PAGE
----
In CVT-equipped models Nissan says it should use 8.5 litres/100km. I achieved 10.2 litres/100km on a drive which included city and suburban driving, a run down the Bruce Highway to Innisfail, up the Palmerston Highway to Millaa Millaa, across to Lake Tinaroo and back down the Gillies Range to Cairns.
I’m not a fan of CVTs, mainly because they just keep revving, don’t change gear and at times sound like a sewing machine.
The computer-controlled “stepless” system provides a virtually limitless number of ratios, ensuring the engine is always working as efficiently as possible.
This ensures smoother acceleration as well as better fuel economy and lower emissions compared with a regular automatic transmission.
With CVT, the engine revs stay constant as the transmission itself adjusts seamlessly to maintain momentum. CVT also ensures less power loss, resulting in better efficiency and acceleration.
For a more sporty drive, the CVT system has a manual override.
Operated via the central gear lever, six set ratios can be accessed manually by nudging the lever forward or back.
In normal driving, the CVT is seamless and quiet but when you want to give it a bit of stick, it becomes noisy and revvy.
The elevated driving position is great, the seats grippy and supportive and the interior layout and dashboard is clean and clear, without being exciting or ground breaking.
The sound system is better than expected and access and space for rear-seat passengers is good.
Boot space behind the rear seats is slightly compromised by the height of the load floor – the price for having a full-sized spare – but good for loading groceries and the like.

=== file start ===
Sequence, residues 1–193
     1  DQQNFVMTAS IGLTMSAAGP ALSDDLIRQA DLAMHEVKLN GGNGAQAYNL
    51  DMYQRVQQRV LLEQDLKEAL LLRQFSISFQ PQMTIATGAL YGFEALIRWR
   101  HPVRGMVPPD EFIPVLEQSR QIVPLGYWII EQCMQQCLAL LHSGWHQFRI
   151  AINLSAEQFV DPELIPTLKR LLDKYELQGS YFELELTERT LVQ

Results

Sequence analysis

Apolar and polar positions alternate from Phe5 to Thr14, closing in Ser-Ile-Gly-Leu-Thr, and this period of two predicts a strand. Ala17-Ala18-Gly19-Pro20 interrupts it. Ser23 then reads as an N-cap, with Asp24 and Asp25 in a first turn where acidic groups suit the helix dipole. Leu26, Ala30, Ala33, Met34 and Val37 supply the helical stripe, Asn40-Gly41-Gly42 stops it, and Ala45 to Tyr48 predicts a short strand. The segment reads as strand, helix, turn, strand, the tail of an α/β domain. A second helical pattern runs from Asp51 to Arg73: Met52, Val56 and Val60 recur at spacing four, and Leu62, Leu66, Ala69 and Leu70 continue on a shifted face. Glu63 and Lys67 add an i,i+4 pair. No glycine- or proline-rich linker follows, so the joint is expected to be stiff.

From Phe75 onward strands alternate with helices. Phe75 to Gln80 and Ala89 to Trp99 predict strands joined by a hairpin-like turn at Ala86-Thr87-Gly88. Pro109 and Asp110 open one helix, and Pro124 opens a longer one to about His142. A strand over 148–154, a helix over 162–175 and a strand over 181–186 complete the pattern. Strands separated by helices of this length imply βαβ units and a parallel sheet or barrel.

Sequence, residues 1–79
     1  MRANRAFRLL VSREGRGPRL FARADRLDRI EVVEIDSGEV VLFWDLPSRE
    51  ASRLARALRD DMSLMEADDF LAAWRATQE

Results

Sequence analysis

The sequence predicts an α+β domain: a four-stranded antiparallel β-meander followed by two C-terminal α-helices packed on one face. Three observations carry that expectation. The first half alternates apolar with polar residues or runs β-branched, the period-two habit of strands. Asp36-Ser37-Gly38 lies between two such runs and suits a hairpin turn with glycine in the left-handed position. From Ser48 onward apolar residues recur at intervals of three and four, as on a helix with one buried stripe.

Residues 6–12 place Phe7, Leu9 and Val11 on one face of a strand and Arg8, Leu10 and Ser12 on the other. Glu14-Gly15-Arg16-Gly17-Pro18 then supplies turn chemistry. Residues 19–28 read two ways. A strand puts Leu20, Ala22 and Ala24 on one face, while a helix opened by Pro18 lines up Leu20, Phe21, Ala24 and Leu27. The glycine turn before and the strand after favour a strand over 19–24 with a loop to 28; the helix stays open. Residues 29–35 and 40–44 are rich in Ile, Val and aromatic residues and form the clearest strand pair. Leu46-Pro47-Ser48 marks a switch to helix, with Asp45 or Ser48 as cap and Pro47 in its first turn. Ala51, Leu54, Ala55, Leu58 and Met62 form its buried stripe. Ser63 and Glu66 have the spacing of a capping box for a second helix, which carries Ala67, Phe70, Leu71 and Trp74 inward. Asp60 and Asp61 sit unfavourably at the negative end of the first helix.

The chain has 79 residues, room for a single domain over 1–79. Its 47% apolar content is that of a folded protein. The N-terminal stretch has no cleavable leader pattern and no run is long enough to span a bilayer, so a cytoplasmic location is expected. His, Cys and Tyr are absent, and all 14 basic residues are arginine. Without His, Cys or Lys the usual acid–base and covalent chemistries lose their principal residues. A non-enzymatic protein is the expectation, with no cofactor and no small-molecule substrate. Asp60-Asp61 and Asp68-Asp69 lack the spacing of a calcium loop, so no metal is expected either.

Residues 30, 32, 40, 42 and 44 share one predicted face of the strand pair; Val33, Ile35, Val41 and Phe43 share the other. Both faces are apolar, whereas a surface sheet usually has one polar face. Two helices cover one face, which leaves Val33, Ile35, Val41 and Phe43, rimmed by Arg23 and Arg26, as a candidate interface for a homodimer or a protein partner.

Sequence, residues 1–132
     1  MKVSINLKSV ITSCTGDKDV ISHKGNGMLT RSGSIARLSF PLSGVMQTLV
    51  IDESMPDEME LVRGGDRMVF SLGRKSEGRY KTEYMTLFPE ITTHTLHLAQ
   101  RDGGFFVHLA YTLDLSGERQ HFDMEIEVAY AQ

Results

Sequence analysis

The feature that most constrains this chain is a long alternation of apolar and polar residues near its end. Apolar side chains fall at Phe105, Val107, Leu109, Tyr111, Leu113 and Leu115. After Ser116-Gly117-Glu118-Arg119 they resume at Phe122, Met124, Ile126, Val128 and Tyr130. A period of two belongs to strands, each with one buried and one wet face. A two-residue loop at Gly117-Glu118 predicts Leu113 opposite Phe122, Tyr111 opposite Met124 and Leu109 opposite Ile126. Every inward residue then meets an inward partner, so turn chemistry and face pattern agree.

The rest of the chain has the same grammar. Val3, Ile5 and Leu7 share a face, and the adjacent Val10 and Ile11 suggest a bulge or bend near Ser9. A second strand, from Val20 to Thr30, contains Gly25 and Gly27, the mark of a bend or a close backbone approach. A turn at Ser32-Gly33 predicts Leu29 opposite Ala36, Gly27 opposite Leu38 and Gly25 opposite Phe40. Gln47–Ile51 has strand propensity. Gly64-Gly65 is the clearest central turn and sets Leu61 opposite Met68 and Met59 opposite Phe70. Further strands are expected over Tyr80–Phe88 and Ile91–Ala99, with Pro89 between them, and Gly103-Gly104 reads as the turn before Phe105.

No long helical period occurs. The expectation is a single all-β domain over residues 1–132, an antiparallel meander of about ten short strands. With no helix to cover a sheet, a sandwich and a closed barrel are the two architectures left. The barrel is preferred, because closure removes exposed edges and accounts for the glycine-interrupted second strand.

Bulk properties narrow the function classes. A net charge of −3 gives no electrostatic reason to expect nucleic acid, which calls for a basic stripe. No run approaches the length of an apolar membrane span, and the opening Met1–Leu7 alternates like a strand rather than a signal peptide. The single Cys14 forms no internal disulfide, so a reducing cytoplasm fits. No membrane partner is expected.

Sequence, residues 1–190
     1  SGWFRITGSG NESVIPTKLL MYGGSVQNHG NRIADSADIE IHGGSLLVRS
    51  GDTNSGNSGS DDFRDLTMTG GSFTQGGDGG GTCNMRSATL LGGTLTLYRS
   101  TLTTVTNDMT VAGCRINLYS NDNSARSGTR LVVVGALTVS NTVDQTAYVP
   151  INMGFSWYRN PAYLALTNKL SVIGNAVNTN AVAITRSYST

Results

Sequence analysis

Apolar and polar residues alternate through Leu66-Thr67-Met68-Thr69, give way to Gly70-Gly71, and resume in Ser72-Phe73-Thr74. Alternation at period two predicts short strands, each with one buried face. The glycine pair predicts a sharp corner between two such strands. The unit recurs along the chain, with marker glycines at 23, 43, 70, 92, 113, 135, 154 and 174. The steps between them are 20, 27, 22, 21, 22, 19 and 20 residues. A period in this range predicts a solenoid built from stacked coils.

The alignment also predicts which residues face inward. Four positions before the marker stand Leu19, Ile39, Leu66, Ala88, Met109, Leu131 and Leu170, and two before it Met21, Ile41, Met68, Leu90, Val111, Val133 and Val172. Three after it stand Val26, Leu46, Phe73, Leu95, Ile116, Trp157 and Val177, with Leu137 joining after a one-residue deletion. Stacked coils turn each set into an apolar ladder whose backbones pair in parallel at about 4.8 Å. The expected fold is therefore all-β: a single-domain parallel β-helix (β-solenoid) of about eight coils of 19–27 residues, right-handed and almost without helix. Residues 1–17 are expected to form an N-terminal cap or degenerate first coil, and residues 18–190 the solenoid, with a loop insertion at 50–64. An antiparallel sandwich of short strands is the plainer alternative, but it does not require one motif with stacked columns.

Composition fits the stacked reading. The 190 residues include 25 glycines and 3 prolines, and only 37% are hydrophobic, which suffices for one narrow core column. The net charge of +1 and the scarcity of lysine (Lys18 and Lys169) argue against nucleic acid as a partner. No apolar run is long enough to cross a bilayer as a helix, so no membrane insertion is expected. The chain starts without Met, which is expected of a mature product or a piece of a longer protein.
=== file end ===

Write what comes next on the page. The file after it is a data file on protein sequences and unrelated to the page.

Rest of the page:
The Dualis is surprisingly quiet. Road noise is minimal (except on coarse bitumen surfaces), the engine is generally smooth and wind noise is at the better end of the scale, although there was a bit of rustle around the big wing mirrors. There’s a slight cabin boom from the hatchback design.
The Dualis weighs just less than 1.5 tonnes, so performance is adequate.
Cruising with the optional CVT is pleasant enough, but asked for an effort on the open road – particularly in the 80-120km/h zone – the car feels flat and a bit breathless. Still, the suspension and drive dynamics are well sorted, allowing fun and comfort to co-exist.
Pushed along, the car sits flat and turns with surety, more like a sporty hatch than a crossover.
On flowing roads the Dualis is fun to drive and could be hustled down the Gillies Range with the good handling and roadholding making amends for the average engine performance.
It proved its moderate off-road credentials too, with a reasonable run through the Danbulla State Forest on dirt roads behind Lake Tinaroo.
The Dualis is a capable family runabout with the added bonus of an elevated clearance and seating positions, lots of room for children and a reasonable amount of luggage. It is an easy drive in town, on the open road and on the dirt too.
It’s stylish, dynamic, comfortable, highly equipped, compact and value for money.
On the down side, rear seat room is tight, there’s a high cargo floor, engine performance is sluggish when laden on the highway and rear vision can be poor.
Overall, it makes sense in this world of rising costs, especially fuel. It’s easy to park and toddle around town in.
The TI-L top-of-the-range version elevates the Dualis to a new level.>> Test vehicle courtesy of Westco Nissan, Cairns.
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Capable runabout: Nissan's Dualis is easy to park and great around town.